NASA exploring ways to clean up space debris
Tampa: Faced with increasing threats of space debris, the US National Aeronautics and Space Administration (NASA) is actively exploring ways to clean up the outer space.
Donald Kessler, an astrophysicist at NASA`s Environmental Effects Office, said the space industry has been slowly developing ideas for over 30 years on how to proceed to clean up space junk, but none has ever been fully tested.
Space debris comes from asteroids, comets, meteorites and also defunct man-made space devices or their parts.
"Dead" satellites are an example of space debris, which poses increasing risks to functional satellites and the International Space Station.
Kessler, the first chief of NASA`s Orbital Debris Program Office, said there are three fundamental issues to be resolved in relation to the cleaning up of space junk.
"One, how do we get to the objects inexpensively? Two, how do we grab an object that is likely spinning and not designed to be grabbed? Three, what do we do with the object after grabbing it," Kessler told Xinhua.
Another factor to consider is that astrophysicists and scientists have been slow to address the topic.
To cite a case, NASA does not annually spend any government funds with regard to the research and the cleaning up of space junk.
Size of space debris can be as small as one centimetre. Astrophysicists and scientists have difficulty putting precise definitions to "large" space debris. However, usually an object of 10 centimetres or greater is considered "large".
International interest in cleaning up space debris has increased in recent years, especially since February 2009, when two artificial satellites collided at almost about 790 km over Siberia, creating over 1,000 pieces of space debris.
Kessler believes that an increasing frequency of collision of space junk will create "a permanent belt of space debris" that would be so thick that it would be a hazard to any attempted launched rocket or satellite.
Two current possible ideas for cleaning up space debris are the use of powerful lasers, whose projected laser beams would push the space junk into lower orbits to be burnt up, and the creation of a matrix of nets to catch some of the space junk.
Kessler, however, thinks that neither concept would be a total solution, even if they worked as planned.
Numerous companies in North America are working on various space junk clean-up projects.
One such company is the Star Technology and Research (STAR) in Mount Pleasant, South Carolina.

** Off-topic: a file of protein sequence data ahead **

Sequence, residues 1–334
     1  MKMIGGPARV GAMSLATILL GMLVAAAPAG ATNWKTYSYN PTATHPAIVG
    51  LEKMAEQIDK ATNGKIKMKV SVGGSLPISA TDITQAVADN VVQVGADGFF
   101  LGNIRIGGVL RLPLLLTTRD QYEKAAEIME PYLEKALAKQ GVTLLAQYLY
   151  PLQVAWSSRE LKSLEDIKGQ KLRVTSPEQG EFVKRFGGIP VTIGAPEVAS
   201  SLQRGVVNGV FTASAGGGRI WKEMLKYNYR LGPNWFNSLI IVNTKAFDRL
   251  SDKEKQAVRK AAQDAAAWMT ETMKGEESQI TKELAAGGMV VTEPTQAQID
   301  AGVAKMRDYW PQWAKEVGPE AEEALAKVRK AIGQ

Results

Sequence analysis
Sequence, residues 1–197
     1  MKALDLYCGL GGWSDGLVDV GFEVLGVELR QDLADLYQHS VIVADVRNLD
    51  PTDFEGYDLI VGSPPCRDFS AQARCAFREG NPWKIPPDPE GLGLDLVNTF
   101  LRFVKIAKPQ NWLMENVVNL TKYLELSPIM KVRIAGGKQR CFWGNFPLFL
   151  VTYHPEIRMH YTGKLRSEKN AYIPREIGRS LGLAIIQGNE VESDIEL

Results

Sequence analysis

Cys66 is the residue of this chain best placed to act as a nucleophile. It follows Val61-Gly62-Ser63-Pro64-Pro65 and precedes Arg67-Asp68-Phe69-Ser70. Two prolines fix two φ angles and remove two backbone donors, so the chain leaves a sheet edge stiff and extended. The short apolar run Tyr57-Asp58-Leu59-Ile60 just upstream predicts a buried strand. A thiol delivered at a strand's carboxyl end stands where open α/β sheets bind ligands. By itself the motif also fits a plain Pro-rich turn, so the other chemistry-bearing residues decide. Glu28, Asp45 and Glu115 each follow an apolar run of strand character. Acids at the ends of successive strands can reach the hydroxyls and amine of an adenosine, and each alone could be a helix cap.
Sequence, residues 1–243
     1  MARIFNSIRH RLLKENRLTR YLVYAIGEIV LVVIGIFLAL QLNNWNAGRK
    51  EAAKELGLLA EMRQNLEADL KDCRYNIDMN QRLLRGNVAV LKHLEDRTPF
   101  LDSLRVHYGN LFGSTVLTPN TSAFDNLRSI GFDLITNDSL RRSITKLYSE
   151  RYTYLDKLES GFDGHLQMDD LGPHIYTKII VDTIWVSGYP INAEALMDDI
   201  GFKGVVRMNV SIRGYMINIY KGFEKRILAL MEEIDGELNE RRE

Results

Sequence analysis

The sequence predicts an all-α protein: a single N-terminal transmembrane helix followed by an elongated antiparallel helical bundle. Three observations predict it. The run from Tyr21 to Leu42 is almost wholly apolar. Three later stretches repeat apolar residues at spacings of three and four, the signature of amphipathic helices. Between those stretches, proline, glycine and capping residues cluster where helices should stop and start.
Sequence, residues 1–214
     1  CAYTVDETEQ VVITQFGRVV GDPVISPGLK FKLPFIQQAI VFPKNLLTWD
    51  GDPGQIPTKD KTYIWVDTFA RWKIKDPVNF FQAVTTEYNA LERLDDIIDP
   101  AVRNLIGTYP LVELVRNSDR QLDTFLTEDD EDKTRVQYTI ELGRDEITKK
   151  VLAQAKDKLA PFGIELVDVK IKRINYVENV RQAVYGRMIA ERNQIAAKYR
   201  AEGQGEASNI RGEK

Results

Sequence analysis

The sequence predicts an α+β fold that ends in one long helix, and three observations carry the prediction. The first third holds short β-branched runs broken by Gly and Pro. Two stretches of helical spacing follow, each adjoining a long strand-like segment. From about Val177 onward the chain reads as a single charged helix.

STAR is the recent recipient of nearly $2 million from NASA to create a spacecraft called ElctroDynamic Debris Eliminator (EDDE).
If successfully made and operated, EDDE would target non-functioning orbiting satellites that weigh one tonne apiece.
"EDDE will `sail` on the Earth`s magnetic field like a sailing ship in the wind, giving it unlimited range, using solar power. This is the breakthrough technology that makes possible the removal of all large, dangerous debris objects in low Earth orbit. We are working to develop the components that make EDDE possible," STAR spokesperson Jerome Pearson said.
According to the design, EDDE would "sail" to an extinct satellite, using a solar-powered six-mile long space tether line. It will then eject a large net to catch the targeted satellite, and lower itself into a lower orbit. It will fire out the caught satellite into the Earth`s atmosphere, where it would then burn up. Once EDDE ejects the satellite, it will "sail" back up into higher orbit and proceed to catch another non-operating satellite, Pearson explained.
There are more than 2,000 tonnes of debris in low Earth orbit, below the 2,000 km altitude. EDDE could catch and dispose of the larger "dead" space satellites, Pearson said.
But the main current threat to operational satellites and to the astronauts on the International Space Station is the untracked shrapnel between one and ten centimetres in size, he said.
"They are too small to track with current means, but they are large enough to destroy a satellite or puncture an ISS module."
Pearson said the entire international satellite launch community should logically share in the burden of cleaning up space debris.
NASA`s current policies on space debris were called into question by a report released last September by the National Research Council, an affiliate of the Academy of Sciences.
"NASA should collaborate with commercial, national, and international agencies to develop more explicit information about the costs of debris avoidance, mitigation, surveillance, and response. With this information, NASA could develop a more detailed plan for long-term issues," said the report.
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